Library cull. The words sound innocent enough, I guess, with connotations of strengthening the herd, trimming away dead tissue to create a stronger organism. But it’s a different situation in practice.
I found that out today, as Mondoville engaged in a culling process. We’re getting rid of some 25,000 volumes, somewhere between a quarter and a third of our overall holdings. To be fair, something had to be done. Our building is simply inadequate for our collection, many of the books are obsolescent, and many others hadn’t been opened in years — indeed, a colleague of mine found a set of Thomas Hardy’s works, many of which had unopened pages. The library has been held together with spit and baling wire, thanks to an overworked, underpaid, and insanely dedicated staff.
Furthermore, our students are ever less likely to venture into the stacks. They do their research online, relying on the library’s online databases to find articles and such. Students rely on their anthologies and other textbooks, and given that for the average 18-21-year-old , nostalgia=breakfast (to use Harlan Ellison’s equation), they feel little motivation to do the rummaging and browsing that I enjoy. So logically, I understand. Even so, I get the same feeling I get when I think of a parent telling a child that they took Spot to “a nice farmer’s house.” When you’re old enough, you realize Spot probably went to the pound, and nobody’s going to want the old dog, so in a week or so, it’ll be the forever nap.
Consequently, as faculty members wandered through the stacks today marking books for removal, turning them spine-down on the shelves as a designation of condemnation, I realized I was having one of the worst days of my career. My discomfort took several forms. First of all, I thought of how many years of human effort we were discarding. Having written a novel that will likely never see publication, I know how much effort goes into writing even a bad book — how much thought, how much imagination, how many choices to write instead of doing something else. Whatever the writer may have been writing about, the book was a record of what they thought and what they knew; it was an artifact of a voice speaking across gaps of time and space. I know the satisfaction of seeing my work in print, and the comfort of the idea that there’s something that will outlast me, even if the comfort is illusory. I don’t know how many of these voices will be saved in physical or electronic forms at other places, but as I’d look at a book, see it hadn’t been checked out in 40 years, and turn it spine-down, I’d hear another voice being muffled. Matters weren’t helped by the fact that many of the books had a plate with a quote from Milton’s Areopagitica:
[A]s good almost kill a man as kill a good book. Who kills a man kills a reasonable creature, God’s image; but he who destroys a good book, kills reason itself, kills the image of God, as it were in the eye.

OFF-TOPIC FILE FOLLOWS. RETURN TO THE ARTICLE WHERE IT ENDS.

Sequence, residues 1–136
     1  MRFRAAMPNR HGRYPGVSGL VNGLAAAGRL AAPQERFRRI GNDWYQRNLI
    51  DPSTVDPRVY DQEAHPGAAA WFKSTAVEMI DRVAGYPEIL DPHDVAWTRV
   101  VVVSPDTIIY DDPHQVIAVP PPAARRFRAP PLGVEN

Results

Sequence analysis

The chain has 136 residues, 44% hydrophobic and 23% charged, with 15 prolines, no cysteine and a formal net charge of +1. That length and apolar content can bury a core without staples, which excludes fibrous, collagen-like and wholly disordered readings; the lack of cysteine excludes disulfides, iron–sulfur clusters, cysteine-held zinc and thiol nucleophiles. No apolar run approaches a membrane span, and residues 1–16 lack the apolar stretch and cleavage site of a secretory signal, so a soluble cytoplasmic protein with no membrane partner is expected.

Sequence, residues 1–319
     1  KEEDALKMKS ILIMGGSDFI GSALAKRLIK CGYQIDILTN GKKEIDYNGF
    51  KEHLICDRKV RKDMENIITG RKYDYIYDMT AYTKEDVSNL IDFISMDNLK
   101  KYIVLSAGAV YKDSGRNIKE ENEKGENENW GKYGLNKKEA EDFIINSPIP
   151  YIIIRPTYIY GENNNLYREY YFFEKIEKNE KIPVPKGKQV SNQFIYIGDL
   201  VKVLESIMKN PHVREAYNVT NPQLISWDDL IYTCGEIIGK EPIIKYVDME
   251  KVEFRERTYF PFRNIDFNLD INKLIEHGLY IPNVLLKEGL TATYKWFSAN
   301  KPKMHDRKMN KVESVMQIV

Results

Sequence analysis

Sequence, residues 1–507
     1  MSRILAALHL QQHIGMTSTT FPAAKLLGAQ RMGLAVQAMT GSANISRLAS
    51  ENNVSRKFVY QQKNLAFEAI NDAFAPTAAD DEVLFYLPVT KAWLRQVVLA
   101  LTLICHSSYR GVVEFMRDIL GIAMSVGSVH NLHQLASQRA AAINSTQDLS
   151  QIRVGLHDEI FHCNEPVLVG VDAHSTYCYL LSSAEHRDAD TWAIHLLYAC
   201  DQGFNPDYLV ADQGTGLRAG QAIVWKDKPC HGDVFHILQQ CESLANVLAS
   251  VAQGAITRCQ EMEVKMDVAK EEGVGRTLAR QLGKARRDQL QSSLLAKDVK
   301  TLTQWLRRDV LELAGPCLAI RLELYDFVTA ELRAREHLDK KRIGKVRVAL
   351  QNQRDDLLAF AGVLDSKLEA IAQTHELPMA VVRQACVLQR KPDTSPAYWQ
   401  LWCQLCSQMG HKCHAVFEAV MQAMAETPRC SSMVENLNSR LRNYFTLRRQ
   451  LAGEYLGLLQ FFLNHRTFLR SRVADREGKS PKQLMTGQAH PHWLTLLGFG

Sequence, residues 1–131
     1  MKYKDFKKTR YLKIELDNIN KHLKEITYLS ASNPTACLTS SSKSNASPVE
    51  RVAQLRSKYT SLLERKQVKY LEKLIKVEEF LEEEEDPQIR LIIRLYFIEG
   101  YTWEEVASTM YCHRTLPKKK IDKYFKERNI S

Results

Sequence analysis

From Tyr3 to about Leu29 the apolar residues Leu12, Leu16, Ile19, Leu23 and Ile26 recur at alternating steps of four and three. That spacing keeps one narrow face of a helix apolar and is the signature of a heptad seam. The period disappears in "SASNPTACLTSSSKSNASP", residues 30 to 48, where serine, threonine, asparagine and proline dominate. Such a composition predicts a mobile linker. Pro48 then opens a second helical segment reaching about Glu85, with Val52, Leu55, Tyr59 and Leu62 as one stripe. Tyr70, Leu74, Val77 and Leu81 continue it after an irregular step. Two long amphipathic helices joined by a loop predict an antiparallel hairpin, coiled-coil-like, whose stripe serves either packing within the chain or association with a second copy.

There was also the pain of opening a book and seeing that it had been donated in someone’s honor or memory. Marking those books for culling had the added dimension of feeling like I was kicking over a tombstone. It may have been a little worse for me, because after my parents’ deaths, several books were donated to other libraries in their honor, and I realized that one day, those memorials will disappear as well. I found myself saying brief prayers for the people named on the book plates, because I knew even their names would soon disappear from one more place.
Finally, there was the sense that I was engaged in a kind of intellectual Black Mass, inverting the sacrament that I was meant to perform. I love my students, but I also love the worlds of literature and ideas; indeed, I show my love to my students by offering them these other things I value so much. These books, these ideas in them, matter so much to me that I’m devoting my life to the business of letting those stories and ideas survive another generation. But instead, I spent today making it that much less likely that a Mondovillian might encounter someone’s story or idea, even through a confluence of idleness and serendipity. Education is meant to help the mind grow, and I see libraries as symbols of the growth that has gone before us. Instead, I spent today making our symbol shrink. I couldn’t shake the feeling that this was the opposite of what I do.
We’ve been told that Mondoville’s library will become the center of something called a Learning Commons, where students will use contemporary technology to construct knowledge in manners with which they’re familiar. Doubtless there will be an internet cafe as well. But I’m a medievalist, and as I picked through the culls for books I would add to my office library and watched my colleagues do the same (becoming our own “nice farmers”, saving what we thought we could use and could fit on our own departmental shelves), I thought of the climactic scene of the film version of The Name of the Rose, as the heroes try to save a few pieces of wisdom as the library burns, although they know that they’re losing far more, and that some of it is irreplaceable.
I feel like I spent the day scooping out portions of Mondoville’s memory — lobotomizing an educational institution. Maybe what takes its place will be better. At the very least, I’m sure it will be shinier, more comfortable, more contemporary. But I think we’ve spent too much time making our world shiny, comfortable and contemporary. What have we given up in exchange? And if we realize too late that we’ve paid too much, what do we make of that bad bargain?